Gianne Kris
Jan 08, 2011 rated it it was amazing
after reading this book, the events one will remember will be the little events that took place. the events that reflects the events, condition, and treatments received by the Filipinos during the prior to/and during his time.
Sep 30, 2011 rated it really liked it
I enjoyed this novel a lot. It's a real page turner.

And this is surprising for me. We were required to read this in high school (I think it's still required reading in all Philippine schools, public and private, but I may be wrong). Jose Rizal is one of our national heroes, and perhaps the greatest. But back then I thought it was dry and boring. During Filipino class, my mind wandered elsewhere. As a result, I failed to appreciate it.

What is the story about? (Spoilers ahead!)

Basically, Noli Me
Thierry Lao
Dec 23, 2007 rated it really liked it  ·  review of another edition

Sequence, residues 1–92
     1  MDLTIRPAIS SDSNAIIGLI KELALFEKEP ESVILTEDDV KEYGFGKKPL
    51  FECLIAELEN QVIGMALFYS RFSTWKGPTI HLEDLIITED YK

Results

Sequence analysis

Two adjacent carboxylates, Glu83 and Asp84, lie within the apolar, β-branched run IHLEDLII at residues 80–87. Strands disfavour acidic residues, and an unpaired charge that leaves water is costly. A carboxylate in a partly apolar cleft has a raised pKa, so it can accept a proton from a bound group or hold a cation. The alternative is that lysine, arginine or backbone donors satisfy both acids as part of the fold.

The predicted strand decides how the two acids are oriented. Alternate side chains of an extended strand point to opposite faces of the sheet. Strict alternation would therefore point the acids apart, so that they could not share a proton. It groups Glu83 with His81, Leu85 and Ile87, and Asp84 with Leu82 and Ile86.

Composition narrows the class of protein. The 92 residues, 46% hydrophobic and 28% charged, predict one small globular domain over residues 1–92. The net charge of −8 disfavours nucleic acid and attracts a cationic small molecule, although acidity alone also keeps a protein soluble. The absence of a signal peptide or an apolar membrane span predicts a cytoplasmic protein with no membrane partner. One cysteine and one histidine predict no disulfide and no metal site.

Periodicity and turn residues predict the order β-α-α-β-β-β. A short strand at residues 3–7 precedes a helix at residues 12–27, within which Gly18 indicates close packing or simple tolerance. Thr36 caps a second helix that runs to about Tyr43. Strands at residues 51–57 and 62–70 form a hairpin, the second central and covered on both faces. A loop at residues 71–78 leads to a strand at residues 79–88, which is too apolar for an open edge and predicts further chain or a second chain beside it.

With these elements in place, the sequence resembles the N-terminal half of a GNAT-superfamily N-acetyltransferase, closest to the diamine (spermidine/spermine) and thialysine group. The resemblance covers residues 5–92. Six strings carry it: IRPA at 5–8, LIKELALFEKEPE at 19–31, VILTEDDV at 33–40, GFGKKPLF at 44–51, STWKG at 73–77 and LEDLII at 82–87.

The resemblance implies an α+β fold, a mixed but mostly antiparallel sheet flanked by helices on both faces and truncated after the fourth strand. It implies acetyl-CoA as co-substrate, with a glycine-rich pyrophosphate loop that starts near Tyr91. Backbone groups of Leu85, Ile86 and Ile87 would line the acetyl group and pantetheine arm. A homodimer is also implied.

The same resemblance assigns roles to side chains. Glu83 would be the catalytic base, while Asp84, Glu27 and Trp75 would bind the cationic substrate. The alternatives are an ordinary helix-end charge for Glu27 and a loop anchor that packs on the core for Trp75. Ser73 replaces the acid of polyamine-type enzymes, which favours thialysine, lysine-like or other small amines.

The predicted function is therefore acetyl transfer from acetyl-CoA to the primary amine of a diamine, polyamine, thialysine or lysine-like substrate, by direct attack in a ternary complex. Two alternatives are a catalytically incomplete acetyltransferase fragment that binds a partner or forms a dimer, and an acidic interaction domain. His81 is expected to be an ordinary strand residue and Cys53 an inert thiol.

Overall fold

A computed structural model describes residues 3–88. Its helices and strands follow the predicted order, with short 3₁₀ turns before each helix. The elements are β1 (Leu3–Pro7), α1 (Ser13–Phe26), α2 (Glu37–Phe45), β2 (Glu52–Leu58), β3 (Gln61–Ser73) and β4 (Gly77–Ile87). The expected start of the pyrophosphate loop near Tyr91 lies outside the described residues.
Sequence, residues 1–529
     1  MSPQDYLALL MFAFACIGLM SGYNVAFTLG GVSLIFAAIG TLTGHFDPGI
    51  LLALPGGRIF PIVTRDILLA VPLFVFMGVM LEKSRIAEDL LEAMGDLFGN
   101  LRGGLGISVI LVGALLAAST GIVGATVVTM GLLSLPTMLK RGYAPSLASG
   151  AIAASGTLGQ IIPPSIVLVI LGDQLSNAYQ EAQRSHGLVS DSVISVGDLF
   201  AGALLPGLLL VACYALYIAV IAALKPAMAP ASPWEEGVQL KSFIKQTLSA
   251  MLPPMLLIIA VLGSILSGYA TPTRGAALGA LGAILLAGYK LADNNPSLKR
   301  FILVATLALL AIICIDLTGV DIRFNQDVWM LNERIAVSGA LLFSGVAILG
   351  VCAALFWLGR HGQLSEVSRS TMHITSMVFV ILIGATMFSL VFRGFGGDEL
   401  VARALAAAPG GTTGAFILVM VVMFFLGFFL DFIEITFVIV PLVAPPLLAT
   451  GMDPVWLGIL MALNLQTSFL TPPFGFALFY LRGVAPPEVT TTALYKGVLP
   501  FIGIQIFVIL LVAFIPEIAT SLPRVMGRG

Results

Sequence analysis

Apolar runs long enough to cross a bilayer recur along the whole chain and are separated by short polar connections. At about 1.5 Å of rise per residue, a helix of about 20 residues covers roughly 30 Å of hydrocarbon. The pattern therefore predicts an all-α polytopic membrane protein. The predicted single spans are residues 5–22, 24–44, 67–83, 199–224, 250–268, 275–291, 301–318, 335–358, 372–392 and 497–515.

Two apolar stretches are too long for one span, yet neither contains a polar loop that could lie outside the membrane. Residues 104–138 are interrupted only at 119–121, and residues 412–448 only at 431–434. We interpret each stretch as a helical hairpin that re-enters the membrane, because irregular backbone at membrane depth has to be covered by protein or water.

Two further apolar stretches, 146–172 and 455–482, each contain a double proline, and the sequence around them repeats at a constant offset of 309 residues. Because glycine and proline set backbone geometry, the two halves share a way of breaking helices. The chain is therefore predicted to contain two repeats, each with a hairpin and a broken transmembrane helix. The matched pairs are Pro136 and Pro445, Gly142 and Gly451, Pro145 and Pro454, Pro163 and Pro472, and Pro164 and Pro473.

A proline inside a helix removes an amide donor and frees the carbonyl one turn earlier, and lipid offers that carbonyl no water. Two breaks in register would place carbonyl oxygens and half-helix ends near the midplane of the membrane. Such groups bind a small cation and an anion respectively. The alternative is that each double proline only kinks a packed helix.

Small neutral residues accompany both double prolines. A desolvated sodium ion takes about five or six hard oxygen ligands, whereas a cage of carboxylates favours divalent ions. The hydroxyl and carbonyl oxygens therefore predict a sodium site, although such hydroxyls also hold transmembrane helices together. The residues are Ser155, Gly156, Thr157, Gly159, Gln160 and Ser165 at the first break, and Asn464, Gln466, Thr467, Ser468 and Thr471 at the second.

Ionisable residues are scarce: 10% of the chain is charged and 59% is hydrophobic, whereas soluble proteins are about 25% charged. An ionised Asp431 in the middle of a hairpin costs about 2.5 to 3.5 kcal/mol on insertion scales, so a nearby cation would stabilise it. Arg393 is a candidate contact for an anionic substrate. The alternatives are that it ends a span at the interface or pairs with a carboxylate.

Noli Me Tangere..."Touch me not"...Oh yeah, there's a lot of meaning into that. One of the best ways to know the true meaning behind this peculiar and odd title is to read the whole enervating book. But another way is to read the appendix at the back. Probably when you get the book, the first thing you do to keep you going on is to read the appendix first. I don't know with other versions but my version's got an appendix at the back, which includes Chapter "X". Going into the book, certainly, ...more
Jeri Massi
Aug 02, 2014 rated it really liked it
I picked up my Filipino friend's copy of this book one summer 20 years ago and was hooked on it almost at once. Bear in mind, I was born in Pennsylvania, and to my discredit, am aware only of a smattering of the history of the Philippines since WWII. I came into this book about the Philippines in the 1800's as a newcomer.